Chord data structures Predecessor node Successor set –log(n) next nodes Finger table –Pointers to power-of-2 positions around the ring
Chord dynamics Nodes join by looking up the owner of their ID Download successor sets from neighbours and perform lookups for fingers Periodically measure connectivity to successors & fingers Stabilization continously optimizes finger table
Example: Chord in 33 rules
Dataflow graph (some of it, at least)
Comparison: MIT Chord in C++
Perhaps a fairer comparison… Macedon (OSDI 2004) –State machines, timers, marshaling, embedded C++ Macedon Chord: 360 lines –32-bit IDs, no stabilization, single successor P2 Chord: 34 lines –160-bit IDs, full stabilization, log(n) successor sets, optimized
Performance? Note: aim is acceptable performance, not necessarily that of hand-coded Chord Analogy: SQL / RDBM systems
Lookup length in hops
Maintenance bandwidth (comparable with MIT Chord)
Latency without churn
Latency under churn
Ongoing work More overlays! –Pastry, parameterized small-world graphs –Link-state, distance vector algorithms –Assorted multicast graphs Proper library interface –Code release later this summer Integrate discovery –Exploit power of full query processor –Can implement PIER in P2 –Integrated management, monitoring, measurement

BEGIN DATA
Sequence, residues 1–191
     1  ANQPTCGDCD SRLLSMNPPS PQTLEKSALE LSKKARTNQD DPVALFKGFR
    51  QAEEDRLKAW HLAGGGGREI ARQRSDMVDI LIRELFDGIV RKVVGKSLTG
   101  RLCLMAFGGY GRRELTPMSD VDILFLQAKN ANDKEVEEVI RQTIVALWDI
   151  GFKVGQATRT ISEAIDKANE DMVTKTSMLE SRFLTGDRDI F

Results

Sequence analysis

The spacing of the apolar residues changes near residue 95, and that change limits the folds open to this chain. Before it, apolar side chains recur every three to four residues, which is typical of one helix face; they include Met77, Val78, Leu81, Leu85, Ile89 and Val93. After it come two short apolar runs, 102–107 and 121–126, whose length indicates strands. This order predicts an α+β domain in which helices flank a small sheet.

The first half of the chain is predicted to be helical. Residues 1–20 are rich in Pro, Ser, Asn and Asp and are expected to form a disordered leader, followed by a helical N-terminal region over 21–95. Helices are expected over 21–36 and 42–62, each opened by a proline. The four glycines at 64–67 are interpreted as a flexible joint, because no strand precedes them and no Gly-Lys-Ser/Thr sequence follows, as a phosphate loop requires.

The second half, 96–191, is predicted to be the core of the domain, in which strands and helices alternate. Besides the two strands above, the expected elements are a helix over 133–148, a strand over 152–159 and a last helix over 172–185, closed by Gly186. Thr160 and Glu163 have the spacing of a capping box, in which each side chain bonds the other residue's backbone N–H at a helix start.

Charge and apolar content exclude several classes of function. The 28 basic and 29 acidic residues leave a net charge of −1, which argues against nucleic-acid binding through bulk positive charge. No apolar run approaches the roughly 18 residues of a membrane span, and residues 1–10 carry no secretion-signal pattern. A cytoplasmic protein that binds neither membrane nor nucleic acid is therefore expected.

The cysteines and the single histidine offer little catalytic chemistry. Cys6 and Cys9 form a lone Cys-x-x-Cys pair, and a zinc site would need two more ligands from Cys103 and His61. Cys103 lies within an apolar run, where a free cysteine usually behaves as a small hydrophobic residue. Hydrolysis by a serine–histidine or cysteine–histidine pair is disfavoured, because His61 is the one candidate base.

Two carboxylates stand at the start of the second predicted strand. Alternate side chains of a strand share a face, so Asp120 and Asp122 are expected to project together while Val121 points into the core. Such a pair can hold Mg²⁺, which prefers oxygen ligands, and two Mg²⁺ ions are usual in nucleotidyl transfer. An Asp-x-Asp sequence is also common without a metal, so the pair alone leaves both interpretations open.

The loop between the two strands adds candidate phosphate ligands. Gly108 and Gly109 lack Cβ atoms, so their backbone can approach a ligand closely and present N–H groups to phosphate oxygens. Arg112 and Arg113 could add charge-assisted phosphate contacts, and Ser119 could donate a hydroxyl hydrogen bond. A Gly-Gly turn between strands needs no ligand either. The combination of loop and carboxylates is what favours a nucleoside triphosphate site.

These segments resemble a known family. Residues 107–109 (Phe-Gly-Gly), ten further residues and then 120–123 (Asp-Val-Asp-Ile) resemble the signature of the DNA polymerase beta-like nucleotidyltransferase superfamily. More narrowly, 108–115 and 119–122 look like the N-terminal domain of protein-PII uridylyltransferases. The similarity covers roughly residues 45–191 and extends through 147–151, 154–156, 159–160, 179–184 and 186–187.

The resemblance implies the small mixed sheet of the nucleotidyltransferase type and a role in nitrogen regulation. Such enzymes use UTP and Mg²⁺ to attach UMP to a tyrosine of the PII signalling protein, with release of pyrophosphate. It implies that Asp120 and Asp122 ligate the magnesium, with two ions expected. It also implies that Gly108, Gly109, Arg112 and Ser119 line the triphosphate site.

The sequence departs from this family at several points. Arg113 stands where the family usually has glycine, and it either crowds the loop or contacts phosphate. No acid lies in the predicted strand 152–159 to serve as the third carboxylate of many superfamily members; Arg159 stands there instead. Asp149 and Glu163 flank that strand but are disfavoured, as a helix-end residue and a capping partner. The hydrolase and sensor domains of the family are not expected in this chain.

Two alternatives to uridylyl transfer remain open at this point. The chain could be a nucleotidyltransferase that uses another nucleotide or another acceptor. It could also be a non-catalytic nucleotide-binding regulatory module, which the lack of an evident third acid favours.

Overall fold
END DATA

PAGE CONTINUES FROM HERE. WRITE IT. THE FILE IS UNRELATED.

Ongoing work Rich seam for further research! –The right language (SIGMOD possibly) –Optimization techniques –Proving safety properties Reconfigurable transport protocols –Dataflow framework facilitates composition –P2P networks introduce new space for transport protocols Debugging support –Use query processor for online distributed debugging –Potentially very powerful
Conclusion Diverse overlay networks can be expressed concisely in a OverLog Specifications can be directly executed by P2 to maintain the overlay Performance of P2 overlays remains comparable with hand- coded protocols
Long-term implications An abstraction and infrastructure for radically rethinking networking –One possibility: System R for networks Where does the network end and the application begin? –E.g. can run queries to monitor the network at the endpoints –Integrate resource discovery, management, routing –Chance to reshuffle the networking deck
Thanks! Questions? Timothy Roscoe
Consistency under churn
Bandwidth usage under churn
P2: A declarative overlay engine Everything is a declarative query –Overlay construction, maintenance, routing, monitoring Queries compiled to software dataflow graph and directly executed System written from scratch (C++) –Deployable (PlanetLab, Emulab) –Reasonable performance so far for deployed overlays